In our interview with Maya Roy, she spoke about the research the YWCA was conducting and stated that “a lot of the reviewing is actually done by human reviewers who, at the time, were predominantly Caucasian.” This was problematic because without a diverse staff certain racial slurs or epithets will often go un-noticed, as hate speech is community and geographically specific. Additionally, by hiring a predominantly Caucasian and English-speaking staff, slurs in other languages would also go undetected by human reviewers, a problem that is amplified in countries with multiple official languages such as Canada

Another challenging issue to address brought up by Rigato is that of coded language: “you're always going to have a backlash from conservatives saying this is language policing. So, there's always going to be a sort of political struggle on that front,” making it increasingly difficult to achieve bipartisan support on prevention and intervention efforts.


Online hate groups have additionally sought to exploit the large population of young people online in order to perpetuate their hateful rhetoric. In our interview with Dr. Brisson-Boivin, she mentioned that “youth indicate that those generalized messages of casual prejudice that we might consider to be mis- or dis-information are in fact gateways to more extreme or targeted forms of hatred.” Hate groups exploit the fact that young people ages 12 to 17 are at a point in their life where they're exploring their identity, curious, and engaged in identity play. The Internet is a trove of information allowing for platforms like YouTube to become testing grounds for youth to expose themselves to increasingly problematic rhetoric on websites such as 4chan and 8chan. According to Dr. Brisson-Boivin's research with MediaSmarts, while “on the whole, young people think online hate and specifically casual prejudice is wrong, only 10% of them indicated that they did something when they saw it.” This is a large barrier to progress. However, MediaSmarts research also demonstrated the more that younger people witness others intervening or pushing back against hate online, the more likely they were to push back themselves, which is why it’s so important to act against hate online and encourage others to intervene as well.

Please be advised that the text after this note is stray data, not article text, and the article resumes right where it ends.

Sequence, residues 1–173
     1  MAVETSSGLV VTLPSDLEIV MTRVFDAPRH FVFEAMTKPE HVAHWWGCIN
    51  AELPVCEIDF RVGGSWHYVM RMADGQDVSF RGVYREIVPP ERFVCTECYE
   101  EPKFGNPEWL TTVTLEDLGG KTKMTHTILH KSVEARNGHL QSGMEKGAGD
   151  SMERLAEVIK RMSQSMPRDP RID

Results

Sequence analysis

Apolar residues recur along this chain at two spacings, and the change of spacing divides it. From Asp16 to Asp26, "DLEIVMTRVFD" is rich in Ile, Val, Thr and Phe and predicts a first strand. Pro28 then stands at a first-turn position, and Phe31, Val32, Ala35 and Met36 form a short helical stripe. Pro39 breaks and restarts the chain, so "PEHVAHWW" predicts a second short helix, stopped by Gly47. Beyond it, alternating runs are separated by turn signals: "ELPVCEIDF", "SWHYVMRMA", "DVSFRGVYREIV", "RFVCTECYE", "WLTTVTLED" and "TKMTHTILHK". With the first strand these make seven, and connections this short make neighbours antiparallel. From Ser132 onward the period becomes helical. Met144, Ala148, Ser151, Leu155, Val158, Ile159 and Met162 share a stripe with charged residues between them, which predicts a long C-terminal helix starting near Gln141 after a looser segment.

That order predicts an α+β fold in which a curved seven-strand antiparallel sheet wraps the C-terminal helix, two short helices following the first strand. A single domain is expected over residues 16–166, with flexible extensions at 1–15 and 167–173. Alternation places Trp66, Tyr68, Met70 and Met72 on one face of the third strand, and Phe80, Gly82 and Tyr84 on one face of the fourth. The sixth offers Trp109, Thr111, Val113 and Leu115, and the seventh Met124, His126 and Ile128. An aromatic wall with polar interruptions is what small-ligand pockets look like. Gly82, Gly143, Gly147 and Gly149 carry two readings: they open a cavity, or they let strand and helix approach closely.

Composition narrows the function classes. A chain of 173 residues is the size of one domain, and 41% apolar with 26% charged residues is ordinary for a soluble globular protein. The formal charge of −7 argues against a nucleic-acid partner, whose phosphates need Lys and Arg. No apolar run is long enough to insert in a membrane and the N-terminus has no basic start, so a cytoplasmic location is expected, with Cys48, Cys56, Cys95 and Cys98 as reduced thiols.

In conclusion, what can and should be taken away from this is that regionally oriented, multi-stakeholder approaches are necessary for successful prevention and intervention efforts. Our discussion with Brett Kubicek made this clear

“Groups like Moonshot, an innovator in using online tools to identify audiences at risk and figure out what kind of alternative content may resonate with them to steer them towards a nonviolent pathway, in their most recent report have noted that the project got a lot better the more they talked with Canadian subject matter experts, frontline prevention practitioners, and people who move about specific movements and understood the Canadian context; be it language, be it part of the country, or be it how movements that may have the same name in Western Europe or the US play out differently in Canada.”

So yes, to successfully tackle digital hate, you need to have people with technical expertise in the room, but importantly, you also need the people who understand the movements, the psychology behind them, and what effective prevention truly looks like.

  1. MediaSmarts. “Young Canadians Pushing Back Against Hate Online.” n.d.

  2. YWCA Canada. “Addressing Online Hate.” n.d.

  3. Amiel, S. “'The embers remain': One year since its inception, what has the Gilets Jaunes movement achieved?” November, 18, 2019.

  4. Read, M. “Did Facebook Cause Riots in France?” December 8, 2018.